Amy’s Anorexia recovery

I have another Anorexia recovery story ready for you! Recently, I’ve found that more and more people are willing to share their stories, which is amazing! Amy is a friend of mine who is so inspiring to me, because she openly talks about invisible illnesses and her journey with Anorexia through social media and her Youtube channel. Talking about your personal experiences can be very hard, but know that sharing your troubles will influence someone else to as well, so I have a lot of respect for Amy for being brave! Here’s her story!

What is the name of your condition?


How long have you had it for? 

Approximately September 2016 – October 2017 (including recovery)

What are the daily struggles and how does your condition affect you?

I would avoid social events and obsess over when and what I would eat which would dictate the structure of my day. Re-assuring people that I didn’t have an eating disorder was a daily occurrence which was manipulative and damaging. I almost blacked out twice and malnutrition destroyed every aspect of my physical and emotional energy.

The exhaustion, and ironically, insomnia, effected every relationship I had – friends, family and loved ones. The most broad description I would give anorexia in relation to your personality is that you become a version of yourself you would never have experienced or expected. Comparing your character between anorexic and post-recovery is life-changing – the amount of people who notice a difference too is amazing.

How have you dealt with it? Is there treatment for this condition? 

I believe that recovery can only begin once you decide to. Anorexia effects your mental health as equally as your body. Personally, once I had begun recovery, it was at a point where I was scared – I could see the deterioration of my body, felt awful, and would give anything to look how I did before being anorexic. Since then, I have felt no attraction to the stereotypical images/ triggers of eating disorders. I feel incredibly lucky to have this clarity.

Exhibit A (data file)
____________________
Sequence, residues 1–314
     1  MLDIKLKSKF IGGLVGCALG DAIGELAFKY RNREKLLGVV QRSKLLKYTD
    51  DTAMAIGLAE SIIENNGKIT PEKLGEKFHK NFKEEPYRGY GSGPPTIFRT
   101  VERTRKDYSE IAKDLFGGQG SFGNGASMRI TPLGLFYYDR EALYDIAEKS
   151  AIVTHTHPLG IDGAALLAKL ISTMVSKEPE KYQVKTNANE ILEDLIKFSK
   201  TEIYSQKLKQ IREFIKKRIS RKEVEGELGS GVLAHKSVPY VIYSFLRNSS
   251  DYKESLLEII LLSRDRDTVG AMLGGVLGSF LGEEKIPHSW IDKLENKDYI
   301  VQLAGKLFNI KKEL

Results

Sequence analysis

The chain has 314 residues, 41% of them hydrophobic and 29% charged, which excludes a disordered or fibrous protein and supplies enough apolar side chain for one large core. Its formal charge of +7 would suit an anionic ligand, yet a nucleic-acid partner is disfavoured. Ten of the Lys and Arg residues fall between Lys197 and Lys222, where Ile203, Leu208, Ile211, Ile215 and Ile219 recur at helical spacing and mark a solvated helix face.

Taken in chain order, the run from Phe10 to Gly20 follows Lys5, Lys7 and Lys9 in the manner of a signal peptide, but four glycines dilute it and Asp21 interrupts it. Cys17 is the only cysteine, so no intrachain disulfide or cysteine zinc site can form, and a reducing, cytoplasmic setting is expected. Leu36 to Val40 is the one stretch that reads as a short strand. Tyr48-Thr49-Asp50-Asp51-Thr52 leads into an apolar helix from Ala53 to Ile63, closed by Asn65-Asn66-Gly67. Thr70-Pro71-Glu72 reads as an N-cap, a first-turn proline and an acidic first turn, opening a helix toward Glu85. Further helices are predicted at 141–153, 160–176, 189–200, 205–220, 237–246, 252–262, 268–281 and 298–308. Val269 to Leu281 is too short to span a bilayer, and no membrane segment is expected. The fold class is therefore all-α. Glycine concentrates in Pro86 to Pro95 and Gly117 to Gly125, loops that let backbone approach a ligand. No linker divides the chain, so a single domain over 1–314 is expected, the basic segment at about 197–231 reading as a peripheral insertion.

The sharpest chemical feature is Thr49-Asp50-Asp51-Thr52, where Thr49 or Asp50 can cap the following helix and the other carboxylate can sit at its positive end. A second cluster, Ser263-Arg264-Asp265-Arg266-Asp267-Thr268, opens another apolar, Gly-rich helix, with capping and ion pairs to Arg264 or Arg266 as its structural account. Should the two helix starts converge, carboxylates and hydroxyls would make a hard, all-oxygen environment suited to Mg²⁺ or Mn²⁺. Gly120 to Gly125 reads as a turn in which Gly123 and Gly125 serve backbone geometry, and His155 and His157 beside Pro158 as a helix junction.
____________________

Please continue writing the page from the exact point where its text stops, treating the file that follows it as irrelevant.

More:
Did you ever find it hard to speak about and why? 

No – I feel that the more awareness is raised for all mental health, stigmas can begin to lose their power. The concept of mental health not being real or important has always baffled me – we all seem to be able to comprehend the power of the mind and its capability, but the idea that one of the most complex and vital assets of the human body can’t become ill, is something I don’t think I will ever understand.

Thankfully I’ve also never been pressured to avoid addressing my anorexia or mental health. My friends, family and loved ones have shown me incredible support, which has made it even easier to help raise awareness.

Has your condition led to other illness’s? 


Do you know anyone who has the same condition and if not has that been hard to know that no one you know has it? 

The more I talk to people about it, the more I hear of others who have, or have had, it. I haven’t been able to talk directly to someone who has anorexia currently, but it seems to be a fairly quiet topic until someone addresses it directly.

What would your advice be to anyone who is dealing with an invisible illness? 

Telling others about it is the first step to moving forward. There is nothing shameful about mental health – experiencing an invisible illness shows an immense amount of strength, and there are more people than you might think who want to talk about it too.

What would your advice be to people who is trying to help someone with an invisible illness?

Patience, kindness, and empathy are so powerful. Sometimes there is only so much advice you can give – if you haven’t been effected by the illness, the person with it might not want to hear what you think is best for them which can make it so hard for you even when you have the best intentions.



‘Over 1.6 million people in the UK are estimated to be directly affected by eating disorders.’

‘Anorexia Nervosa has the highest mortality rate of any psychiatric disorder in adolescence.’

For more facts: Anorexia & Bulimia care website

Thank you to Amy for sharing her story, and I hope that this post influences others who have an eating disorder to speak up and talk to someone about it. Recovery doesn’t happen over night, but remember that we are never given anything that we can’t handle, and with the right support and will power, change will happen…Amy and I promise you that!

Don’t forget to check out Amy’s Youtube channel! CLICK HERE for her video ‘anorexia-what you may not know’

Thank you for reading!

Naz x


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